D. Bruce Banwell’s own words in the preface of Highland Stags of Otago summarise this book when he says “this book outlines the history of these Highland deer, their establishment and acclimatisation in Otago and South Westland, and the adventures and successes of sportsmen who have stalked them.” I would only add that this is the story of New Zealand’s herd of wild Scottish red deer from Invermark.
Highland Stags of Otago is one of the most sought after New Zealand hunting books, with good reason. It is informative, inspirational, well written and enjoyable.
Like the trophy heads produced by the Otago herd, it is of superior quality both in subject matter and substance over most other hunting books — for lack of a better expression, it’s a “trophy book”.
The Publisher’s blurb, set out at the end of this review, provides a detailed synopsis of this book’s subject matter and also of Bruce, the author, so I do not think it’s worth setting out both again for the purposes of this review other than to add a bit of colour.
Chapters are logically divided roughly along the following lines:
- background to the Otago herd’s Scottish Highland origins and importation
- their acclimatisation and 1871 releases at Morven Hills station, Lindis Valley and Bushey Park estate, Palmerston, at Otago, South Island
- the issuing of hunting licenses by Acclimatisation Societies to deer-stalkers and some background to the first “gentlemen” hunters
- following the spread of the herd from valley to valley and detailing noteworthy trophies, from its original release in the Lindis catchment around Timaru Creek and the Ahuriri (1878–1895) to the following famous valleys and “trophy eras”:
- Dingle, 1898–1910
- Waitaki area, encompassing Hopkins-Huxley and Dobson, 1895–1920
- The Hunter, 1905–1927
- Makarora, 1911–1935
- Matukituki and Minaret Burn, 1916–1922 and 1929–1945
- Haast Pass, Wills, Burke, 1918–1930
- Landsborough, 1918–1935
- Waiatoto, Moeraki, Paringa, Mahitahi, Copland, Twain and Karangarua, 1950s and 1960s
Bruce’s passion for red deer, especially for the Otago herd, is obvious, with the work being thorough and well researched.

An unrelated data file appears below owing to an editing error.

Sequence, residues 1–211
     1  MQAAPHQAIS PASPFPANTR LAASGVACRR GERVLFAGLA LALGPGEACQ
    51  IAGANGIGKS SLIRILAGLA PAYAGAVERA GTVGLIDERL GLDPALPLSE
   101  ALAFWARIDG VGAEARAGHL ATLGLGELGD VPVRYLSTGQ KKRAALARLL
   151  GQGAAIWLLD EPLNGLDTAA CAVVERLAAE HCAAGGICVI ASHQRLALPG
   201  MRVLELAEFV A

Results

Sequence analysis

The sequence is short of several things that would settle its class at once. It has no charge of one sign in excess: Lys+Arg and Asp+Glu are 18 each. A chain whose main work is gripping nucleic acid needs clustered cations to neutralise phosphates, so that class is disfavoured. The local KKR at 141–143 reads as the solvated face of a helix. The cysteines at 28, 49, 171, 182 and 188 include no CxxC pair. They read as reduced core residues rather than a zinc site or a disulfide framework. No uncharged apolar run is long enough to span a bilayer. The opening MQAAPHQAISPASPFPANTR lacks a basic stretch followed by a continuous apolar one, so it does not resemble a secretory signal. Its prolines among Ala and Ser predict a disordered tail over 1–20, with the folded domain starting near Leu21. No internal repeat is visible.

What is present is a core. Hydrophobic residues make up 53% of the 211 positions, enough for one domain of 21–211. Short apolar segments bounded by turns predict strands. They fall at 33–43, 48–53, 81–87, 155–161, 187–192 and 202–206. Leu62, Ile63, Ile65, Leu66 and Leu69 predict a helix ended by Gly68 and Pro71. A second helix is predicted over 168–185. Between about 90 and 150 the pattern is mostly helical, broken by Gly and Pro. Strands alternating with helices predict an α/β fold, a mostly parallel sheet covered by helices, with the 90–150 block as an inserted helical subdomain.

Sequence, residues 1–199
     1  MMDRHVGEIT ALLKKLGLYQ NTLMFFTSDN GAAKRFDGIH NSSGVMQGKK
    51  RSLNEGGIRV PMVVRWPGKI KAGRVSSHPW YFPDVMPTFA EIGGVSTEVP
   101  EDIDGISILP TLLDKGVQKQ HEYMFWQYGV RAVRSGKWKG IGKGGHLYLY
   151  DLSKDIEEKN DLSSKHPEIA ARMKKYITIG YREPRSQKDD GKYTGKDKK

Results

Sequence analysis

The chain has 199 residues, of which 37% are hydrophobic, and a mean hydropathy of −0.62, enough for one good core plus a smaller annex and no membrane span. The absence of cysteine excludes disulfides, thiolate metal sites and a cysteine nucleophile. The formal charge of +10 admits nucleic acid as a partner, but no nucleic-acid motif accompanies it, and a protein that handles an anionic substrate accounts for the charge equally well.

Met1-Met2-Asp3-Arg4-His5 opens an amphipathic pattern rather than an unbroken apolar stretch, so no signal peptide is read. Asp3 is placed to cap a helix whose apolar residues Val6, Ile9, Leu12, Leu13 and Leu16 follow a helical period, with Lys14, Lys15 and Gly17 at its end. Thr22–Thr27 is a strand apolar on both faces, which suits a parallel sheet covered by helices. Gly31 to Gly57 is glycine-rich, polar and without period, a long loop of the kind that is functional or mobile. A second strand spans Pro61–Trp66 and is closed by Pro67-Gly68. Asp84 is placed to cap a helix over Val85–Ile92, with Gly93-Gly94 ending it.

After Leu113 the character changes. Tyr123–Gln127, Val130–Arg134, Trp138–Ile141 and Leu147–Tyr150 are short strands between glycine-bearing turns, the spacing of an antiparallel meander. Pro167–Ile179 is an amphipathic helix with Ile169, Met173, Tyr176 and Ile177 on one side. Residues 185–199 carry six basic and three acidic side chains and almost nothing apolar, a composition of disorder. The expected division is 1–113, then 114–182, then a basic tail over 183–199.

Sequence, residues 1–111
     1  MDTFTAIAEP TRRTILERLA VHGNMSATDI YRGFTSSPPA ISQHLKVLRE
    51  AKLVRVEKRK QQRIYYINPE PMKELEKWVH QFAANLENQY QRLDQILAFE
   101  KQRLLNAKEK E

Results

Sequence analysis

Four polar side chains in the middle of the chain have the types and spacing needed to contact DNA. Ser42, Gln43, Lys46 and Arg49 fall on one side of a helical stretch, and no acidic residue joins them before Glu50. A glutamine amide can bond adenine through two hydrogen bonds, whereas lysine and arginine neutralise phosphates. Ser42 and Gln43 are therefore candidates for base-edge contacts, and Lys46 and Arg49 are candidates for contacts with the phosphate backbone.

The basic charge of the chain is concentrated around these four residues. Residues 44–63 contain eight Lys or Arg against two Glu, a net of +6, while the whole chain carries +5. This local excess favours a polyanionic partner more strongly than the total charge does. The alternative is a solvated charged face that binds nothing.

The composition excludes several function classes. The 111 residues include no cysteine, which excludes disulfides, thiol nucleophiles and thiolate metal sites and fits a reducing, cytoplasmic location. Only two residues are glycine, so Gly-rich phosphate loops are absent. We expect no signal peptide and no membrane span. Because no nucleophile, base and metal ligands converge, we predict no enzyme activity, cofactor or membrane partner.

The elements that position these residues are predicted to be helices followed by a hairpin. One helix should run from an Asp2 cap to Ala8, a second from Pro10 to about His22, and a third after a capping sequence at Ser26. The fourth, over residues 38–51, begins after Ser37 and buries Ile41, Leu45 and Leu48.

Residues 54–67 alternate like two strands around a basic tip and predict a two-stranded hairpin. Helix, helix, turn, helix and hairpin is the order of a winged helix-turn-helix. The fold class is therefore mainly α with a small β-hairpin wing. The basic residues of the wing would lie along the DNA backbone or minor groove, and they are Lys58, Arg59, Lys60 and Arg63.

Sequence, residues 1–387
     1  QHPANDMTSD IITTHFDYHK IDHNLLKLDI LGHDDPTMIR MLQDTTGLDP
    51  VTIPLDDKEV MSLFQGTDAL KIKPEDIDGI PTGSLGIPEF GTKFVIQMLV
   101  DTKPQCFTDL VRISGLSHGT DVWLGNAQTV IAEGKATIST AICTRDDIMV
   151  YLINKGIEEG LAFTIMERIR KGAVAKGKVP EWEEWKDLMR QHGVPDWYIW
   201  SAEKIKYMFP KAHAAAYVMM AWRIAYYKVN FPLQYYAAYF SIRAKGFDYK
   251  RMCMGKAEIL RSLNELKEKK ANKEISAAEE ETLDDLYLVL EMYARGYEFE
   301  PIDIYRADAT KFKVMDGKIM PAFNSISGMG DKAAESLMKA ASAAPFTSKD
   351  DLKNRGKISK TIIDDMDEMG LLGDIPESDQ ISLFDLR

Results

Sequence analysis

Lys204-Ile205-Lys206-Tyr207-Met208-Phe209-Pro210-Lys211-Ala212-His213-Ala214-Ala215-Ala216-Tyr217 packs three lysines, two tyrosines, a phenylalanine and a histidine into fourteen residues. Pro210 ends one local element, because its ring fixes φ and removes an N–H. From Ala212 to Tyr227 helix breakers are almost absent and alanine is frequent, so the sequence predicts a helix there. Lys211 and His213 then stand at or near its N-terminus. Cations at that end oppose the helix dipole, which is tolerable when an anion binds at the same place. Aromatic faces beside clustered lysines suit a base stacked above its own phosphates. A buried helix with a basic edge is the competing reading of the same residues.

Apparently Bruce measured each of the deer heads referred to in this book and by virtue of that would have also listened to many first- or second-hand accounts of their taking by owners or family members. Those stories are recorded in this book.
An interesting and recurring quirk in Bruce’s books is the quips he makes when correcting factual mistakes in T. E. Donne’s great work, The Game Animals of New Zealand: An account of their introduction, acclimatisation, and development (1924). For example, Bruce says, rather than merely correcting a mistake on the topic of the deer’s original importation, that “Donne could not have searched the records of the Otago Acclimatisation Society, for it appears at least three times in the minutes between 1869 and 1872”. Perhaps Bruce had relied on Donne’s false data at some point and was proven wrong, thus scorned?
It is the quality and sheer number of photos of the trophy deer heads that really elevate the appeal and desirability of this book. Presented as compilations, the photo plates are all in black & white.
Although Bruce has written many books (a complete list of which can be reviewed here) there are only two which can be considered part of a series along with Highland Stags of Otago; its predecessor, Wapiti in New Zealand: A history of the Fiordland herd (1966) and follow up, The Red Stags of the Rakaia (1970). All three of these books were combined into one book by Halcyon Press under the banner of ‘The Halcyon Press Sporting Heritage Series’ and entitled The Banwell Books (1985). This omnibus is very sought after and is worth up to $400 due to its limited number of 500 copies.